>From: >Date: Thu, 10 Jun 1999 22:30:58 +0200 (MET DST) >To:,, > >Sender: >Reply-To: > >From: ESO Education and Public Relations Dept. > >Date: Thursday, June 10, 1999 > >Subject: ESO Press Release on the ALMA project with photos and a video clip > >---------------------------------------------------------------------------- > >Text with all links is available on the ESO Website at URL: > > > >---------------------------------------------------------------------------- > >Dear subscribers, > >in addition to the joint NSF-ESO Press Release about ALMA, sent to you >in an earlier email, ESO is releasing a series of related photos and a >video clip that illustrate the new project. The original URL is: > > > >We would also like to draw your attention to the recent publication on >the web of information about the major meeting in March 2000 on >Astronomical Telescopes and Instruments, organised by SPIE and >cosponsored by ESO, at URL: > >Kind regards, > >ESO EPR Dept. > >---------------------------------------------------------------------------- > Information from the European Southern Observatory > > ESO Press Release 09/99 [1] > > 10 June 1999 [ESO Logo] > > For immediate release > ------------------------------------------------------------------------ > >The Atacama Large Millimeter Array (ALMA) > > [ESO PR Photo 24a/99] ESO PR Photo Caption to ESO PR Photo 24a/99: > 24a/99 Artist's impression of ALMA. Up to > 64 12-m antennas will be placed on > [Preview - JPEG: 400 x 302 pix - the Chajnantor site, a high plateau > 97k] at an altitude of about 5000 meters > (15,000 ft) amongst the Andean > [Normal - JPEG: 800 x 604 pix - mountains in Chile. Further photos > 336k] and a video clip are available at > the end of this Press Release. > [High-Res - JPEG: 2500 x 1887 pix - > 1.6M] > >The Atacama Large Millimeter Array (ALMA) is the new name [2] for a giant >millimeter-wavelength telescope project. As described in the accompanying >joint press release by ESO and the U.S. National Science Foundation, the >present design and development phase is now a Europe-U.S. collaboration, and >may soon include Japan. ALMA may become the largest ground-based astronomy >project of the next decade after VLT/VLTI, and one of the major new >facilities for world astronomy. ALMA will make it possible to study the >origins of galaxies, stars and planets. > >As presently envisaged, ALMA will be comprised of up to 64 12-meter diameter >antennas distributed over an area 10 km across. ESO PR Photo 24a/99 shows an >artist's concept of a portion of the array in a compact configuration. ESO >PR Video Clip 03/99 illustrates how all the antennas will move in unison to >point to a single astronomical object and follow it as it traverses the sky. >In this way the combined telescope will produce astronomical images of great >sharpness and sensitivity [3]. > >An exceptional site > >For such observations to be possible the atmosphere above the telescope must >be transparent at millimeter and submillimeter wavelengths. This requires a >site that is high and dry, and a high plateau in the Atacama desert of >Chile, probably the world's driest, is ideal - the next best thing to outer >space for these observations. > >ESO PR Photo 24b/99 shows the location of the chosen site at Chajnantor, at >5000 meters altitude and 60 kilometers east of the village of San Pedro de >Atacama, as seen from the Space Shuttle during a servicing mission of the >Hubble Space Telescope. ESO PR Photo 24c/99 and ESO PR Photo 24d/99 show a >satellite image of the immediate vicinity and the site marked on a map of >northern Chile. ALMA will be the highest continuously operated observatory >in the world. The stark nature of this extreme site is well illustrated by >the panoramic view in ESO PR Photo 24e/99. > >High sensitivity and sharp images > >ALMA will be extremely sensitive to radiation at milllimeter and >submillimeter wavelengths. The large number of antennas gives a total >collecting area of over 7000 square meters, larger than a football field. At >the same time, the shape of the surface of each antenna must be extremely >precise under all conditions; the overall accuracy over the entire 12-m >diameter must be better than 0.025 millimeters (25 micron), or one-third of the >diameter of a human hair. The combination of large collecting area and high >precision results in extremely high sensitivity to faint cosmic signals. > >The telescope must also be able to resolve the fine details of the objects >it detects. In order to do this at millimeter wavelengths the effective >diameter of the overall telescope must be very large - about 10 km. As it is >impossible to build a single antenna with this diameter, an array of >antennas is used instead, with the outermost antennas being 10 km apart. By >combining the signals from all antennas together in a large central >computer, it is possible to synthesize the effect of a single dish 10 km >across. The resulting angular resolution is about 10 milli-arcseconds, less >than one-thousandth the angular size of Saturn. > >Exciting research perspectives > >The scientific case for this revolutionary telescope is overwhelming. ALMA >will make it possible to witness the formation of the earliest and most >distant galaxies. It will also look deep into the dust-obscured regions >where stars are born, to examine the details of star and planet formation. >But ALMA will go far beyond these main science drivers, and will have a >major impact on virtually all areas of astronomy. It will be a >millimeter-wave counterpart to the most powerful optical/infrared telescopes >such as ESO's Very Large Telescope (VLT) and the Hubble Space Telescope, >with the additional advantage of being unhindered by cosmic dust opacity. > >The first galaxies in the Universe are expected to become rapidly enshrouded >in the dust produced by the first stars. The dust can dim the galaxies at >optical wavelengths, but the same dust radiates brightly at longer >wavelengths. In addition, the expansion of the Universe causes the radiation >from distant galaxies to be shifted to longer wavelengths. For both reasons, >the earliest galaxies at the epoch of first light can be found with ALMA, >and the subsequent evolution of galaxies can be mapped over cosmic time. > >ALMA will be of great importance for our understanding of the origins of >stars and planetary systems. Stellar nurseries are completely obscured at >optical wavelengths by dense "cocoons" of dust and gas, but ALMA can probe >deep into these regions and study the fundamental processes by which stars >are assembled. Moreover, it can observe the major reservoirs of biogenic >elements (carbon, oxygen, nitrogen) and follow their incorporation into new >planetary systems. A particularly exciting prospect for ALMA is to use its >exceptionally sharp images to obtain evidence for planet formation by the >presence of gaps in dusty disks around young stars, cleared by large bodies >coalescing around the stars. > >Equally fundamental are observations of the dying gasps of stars at the >other end of the stellar lifecycle, when they are often surrounded by shells >of molecules and dust enriched in heavy elements produced by the nuclear >fires now slowly dying. > >ALMA will offer exciting new views of our solar system. Studies of the >molecular content of planetary atmospheres with ALMA's high resolving power >will provide detailed weather maps of Mars, Jupiter, and the other planets >and even their satellites. > >Studies of comets with ALMA will be particularly interesting. The molecular >ices of these visitors from the outer reaches of the solar system have a >composition that is preserved from ages when the solar system was forming. >They evaporate when the comet comes close to the sun, and studies of the >resulting gases with ALMA will allow accurate analysis of the chemistry of >the presolar nebula. > >The road ahead > >The three-year design and development phase of the project is now underway >as a collaboration between Europe and the U.S., and Japan may also join in >this effort. Assuming the construction phase begins about two years from >now, limited operations of the array may begin in 2005 and the full array >may become operational by 2009. > >Notes > >[1] Press Releases about this event are also issued by some of the other >organisations participating in this project. > >[2] "ALMA" means "soul" in Spanish. > >[3] Additional information about ALMA is available on the web: > > * Articles in the ESO Messenger - "The Large Southern Array" (March > 1998), "European Site Testing at Chajnantor" (December 1998) and "The > ALMA Project" (June 1999), cf. > > * ALMA website at ESO at > * ALMA website at the U.S. National Radio Astronomy Observatory (NRAO) at > > > ------------------------------------------------------------------------ > >ALMA/Chajnantor Video Clip and Photos > > [ESO PR Video Clip 03/99 [MPEG-version] About ESO Video Clip 03/99: > This video clip about the > ALMA project contains two > Clip 03/99 (2450 frames/1:38 min) sequences. The first shows > [MPEG Video; 160x120 pix; 2.1Mb] a panoramic scan of the > [MPEG Video; 320x240 pix; 10.0Mb] Chajnantor plain from > [RealMedia; streaming; 700k] approx. north-east to > [RealMedia; streaming; 2.3M] north-west. The Chajnantor > mountain passes through the > field-of-view and the > perfect cone of the > Licancabur volcano (5900 m) > on the Bolivian border is > seen at the end (compare > also with ESO PR 24e/99 > below. The second is a > 52-sec animation with a > change of viewing > perspective of the array > and during which the > antennas move in unison. > For convenience, the clip > is available in four > versions: two MPEG files of > different sizes and two > streamer-versions of > different quality that > require RealPlayer > software. There is no > audio. > > > > [ESO PR Photo 24b/99] ESO PR Photo 24b/99 Caption to ESO PR Photo > 24b/99: View of Northern > [Preview - JPEG: Chile, as seen from the > 400 x 446 pix - 184k] NASA Space Shuttle during a > servicing mission to the > [Normal - JPEG: Hubble Space Telescope > 800 x 892 pix - 588k] (partly visible to the > left). The Atacama Desert, > [High-Res - JPEG: site of the ESO VLT at > 3000 x 3345 pix - 5.4M] Paranal Observatory and the > proposed location for ALMA > at Chajnantor, is seen from > North (foreground) to > South. The two sites are > only a few hundred km > distant from each other. > Few clouds are seen in this > extremely dry area, due to > the influence of the cold > Humboldt Stream along the > Chilean Pacific coast > (right) and the high Andes > mountains (left) that act > as a barrier. Photo > courtesy ESA astronaut > Claude Nicollier. > > > > [ESO PR Photo 24c/99] ESO PR Photo 24c/99 Caption to ESO PR Photo > 24c/99: This satellite > [Preview - JPEG: image of the Chajnantor > 400 x 318 pix - 212k] area was produced in 1998 > at Cornell University > [Normal - JPEG: (USA), by Jennifer Yu, > 800 x 635 pix - 700k] Jeremy Darling and Riccardo > Giovanelli, using the > [High-Res - JPEG: Thematic Mapper data base > 3000 x 2382 pix - 5.9M] maintained at the Geology > Department laboratory > directed by Bryan Isacks. > It is a composite of three > exposures in spectral bands > at 1.6 5m (rendered as > red), 1.0 5m (green) and > 0.5 5m (blue). The > horizontal resolution of > the false-colour image is > about 30 meters. North is > at the top of the photo. > > > > [ESO PR Photo 24d/99] ESO PR Photo 24d/99 Caption to ESO PR Photo > 24d/99: Geographical map > [Preview - JPEG: with the sites of the VLT > 400 x 381 pix - 108k] and ALMA indicated. > > [Normal - JPEG: > 800 x 762 pix - 240k] > > [High-Res - JPEG: > 2300 x 2191 pix - 984k] > > > > [ESO PR Photo 24e/99] ESO PR Photo 24e/99 Caption to ESO PR Photo > 24e/99: Panoramic view of > [Preview - JPEG: the proposed site for ALMA > 400 x 238 pix - 93k] at Chajnantor. This > high-altitude plain > [Normal - JPEG: (elevation 5000 m) in the > 800 x 475 pix - 279k] Chilean Andes mountains is > an ideal site for ALMA. In > [High-Res - JPEG: this view towards the > 2862 x 1701 pix - 4.2M] north, the Chajnantor > mountain (5600 m) is in the > foreground, left of the > centre. The perfect cone of > the Licancabur volcano > (5900 m) on the Bolivian > border is in the background > further to the left. This > image is a wide-angle > composite (1400 x 700) of > three photos (Hasselblad > 6x6 with SWC 1:4.5/38 mm > Biogon), obtained in > December 1998. > ------------------------------------------------------------------------ > >How to obtain ESO Press Information > >ESO Press Information is made available on the World-Wide Web (URL: > ESO Press Photos may be reproduced, >if credit is given to the European Southern Observatory. > > > ------------------------------------------------------------------------ > >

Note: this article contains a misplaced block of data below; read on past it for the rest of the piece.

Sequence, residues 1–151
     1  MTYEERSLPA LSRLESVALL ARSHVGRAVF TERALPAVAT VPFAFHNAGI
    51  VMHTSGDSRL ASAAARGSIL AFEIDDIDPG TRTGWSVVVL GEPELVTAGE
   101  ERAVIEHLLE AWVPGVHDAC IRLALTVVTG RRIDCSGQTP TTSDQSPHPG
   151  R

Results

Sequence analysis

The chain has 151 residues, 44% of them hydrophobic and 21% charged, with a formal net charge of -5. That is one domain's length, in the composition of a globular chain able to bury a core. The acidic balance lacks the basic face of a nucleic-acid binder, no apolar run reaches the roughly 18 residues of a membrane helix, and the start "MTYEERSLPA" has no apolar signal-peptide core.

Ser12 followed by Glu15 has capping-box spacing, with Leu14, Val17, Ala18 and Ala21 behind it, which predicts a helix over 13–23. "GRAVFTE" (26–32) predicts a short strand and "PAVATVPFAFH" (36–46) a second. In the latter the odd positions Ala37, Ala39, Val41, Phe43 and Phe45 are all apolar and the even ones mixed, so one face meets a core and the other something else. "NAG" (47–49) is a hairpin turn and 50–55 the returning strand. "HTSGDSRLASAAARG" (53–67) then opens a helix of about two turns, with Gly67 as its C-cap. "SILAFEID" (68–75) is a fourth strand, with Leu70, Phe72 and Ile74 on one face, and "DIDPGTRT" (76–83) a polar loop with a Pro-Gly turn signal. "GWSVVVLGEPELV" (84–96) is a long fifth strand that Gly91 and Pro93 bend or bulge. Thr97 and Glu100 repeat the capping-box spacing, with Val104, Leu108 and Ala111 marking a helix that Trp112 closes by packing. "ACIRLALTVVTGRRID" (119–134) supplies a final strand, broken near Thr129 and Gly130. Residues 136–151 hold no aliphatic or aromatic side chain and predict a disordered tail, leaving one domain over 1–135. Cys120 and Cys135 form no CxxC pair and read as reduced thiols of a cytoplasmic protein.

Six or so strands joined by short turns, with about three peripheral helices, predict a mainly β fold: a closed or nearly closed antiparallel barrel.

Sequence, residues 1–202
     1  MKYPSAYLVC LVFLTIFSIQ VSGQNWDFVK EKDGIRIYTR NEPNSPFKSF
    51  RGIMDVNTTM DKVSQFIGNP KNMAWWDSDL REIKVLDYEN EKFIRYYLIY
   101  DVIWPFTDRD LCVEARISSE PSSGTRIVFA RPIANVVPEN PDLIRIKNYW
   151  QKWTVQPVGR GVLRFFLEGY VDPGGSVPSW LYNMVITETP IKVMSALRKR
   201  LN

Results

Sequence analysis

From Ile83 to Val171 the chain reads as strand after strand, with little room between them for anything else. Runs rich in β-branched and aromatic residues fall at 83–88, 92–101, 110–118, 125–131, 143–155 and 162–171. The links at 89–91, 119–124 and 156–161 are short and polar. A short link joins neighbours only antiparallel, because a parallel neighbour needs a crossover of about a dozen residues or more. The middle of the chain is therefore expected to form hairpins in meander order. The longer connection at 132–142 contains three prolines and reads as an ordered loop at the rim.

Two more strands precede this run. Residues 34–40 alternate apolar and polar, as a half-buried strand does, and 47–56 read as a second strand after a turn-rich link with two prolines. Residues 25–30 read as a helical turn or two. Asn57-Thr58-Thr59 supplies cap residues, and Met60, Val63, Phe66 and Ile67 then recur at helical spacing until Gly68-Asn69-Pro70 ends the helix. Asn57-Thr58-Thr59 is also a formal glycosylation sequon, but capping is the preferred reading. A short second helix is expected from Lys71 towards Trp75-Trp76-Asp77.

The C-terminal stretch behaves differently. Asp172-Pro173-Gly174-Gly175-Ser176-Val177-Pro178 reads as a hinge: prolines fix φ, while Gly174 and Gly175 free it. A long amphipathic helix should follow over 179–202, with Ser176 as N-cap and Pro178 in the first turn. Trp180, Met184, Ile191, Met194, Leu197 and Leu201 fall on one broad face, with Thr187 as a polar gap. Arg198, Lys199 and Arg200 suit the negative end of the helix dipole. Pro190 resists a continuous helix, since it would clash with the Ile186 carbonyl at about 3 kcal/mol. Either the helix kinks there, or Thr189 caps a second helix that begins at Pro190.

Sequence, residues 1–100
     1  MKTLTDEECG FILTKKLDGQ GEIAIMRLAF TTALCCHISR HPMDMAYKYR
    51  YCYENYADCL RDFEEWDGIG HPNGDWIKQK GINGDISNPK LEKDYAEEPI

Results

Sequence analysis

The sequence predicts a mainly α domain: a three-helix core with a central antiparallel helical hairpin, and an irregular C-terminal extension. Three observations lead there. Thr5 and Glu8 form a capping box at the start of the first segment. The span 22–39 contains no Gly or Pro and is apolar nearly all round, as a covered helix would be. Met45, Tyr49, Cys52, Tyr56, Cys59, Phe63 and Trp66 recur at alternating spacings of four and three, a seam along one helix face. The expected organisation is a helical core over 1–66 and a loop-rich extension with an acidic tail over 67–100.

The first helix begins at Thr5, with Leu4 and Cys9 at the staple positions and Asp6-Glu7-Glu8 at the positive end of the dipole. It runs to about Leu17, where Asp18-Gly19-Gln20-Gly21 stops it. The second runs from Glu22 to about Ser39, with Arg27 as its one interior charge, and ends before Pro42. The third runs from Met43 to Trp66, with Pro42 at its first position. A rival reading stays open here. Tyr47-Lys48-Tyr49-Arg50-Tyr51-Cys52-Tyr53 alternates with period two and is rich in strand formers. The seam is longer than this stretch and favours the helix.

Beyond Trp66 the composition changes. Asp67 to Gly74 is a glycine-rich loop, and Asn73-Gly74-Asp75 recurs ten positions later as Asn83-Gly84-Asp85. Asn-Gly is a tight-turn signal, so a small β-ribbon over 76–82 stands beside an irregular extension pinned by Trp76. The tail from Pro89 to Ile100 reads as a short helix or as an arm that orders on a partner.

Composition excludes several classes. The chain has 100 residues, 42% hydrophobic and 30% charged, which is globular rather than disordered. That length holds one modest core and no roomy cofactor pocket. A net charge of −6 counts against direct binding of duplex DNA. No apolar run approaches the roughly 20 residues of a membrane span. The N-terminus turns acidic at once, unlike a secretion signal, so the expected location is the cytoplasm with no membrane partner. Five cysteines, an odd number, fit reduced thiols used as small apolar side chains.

This archive was generated by hypermail 2.0b3 on Sun Jul 11 1999 - 00:43:12 PDT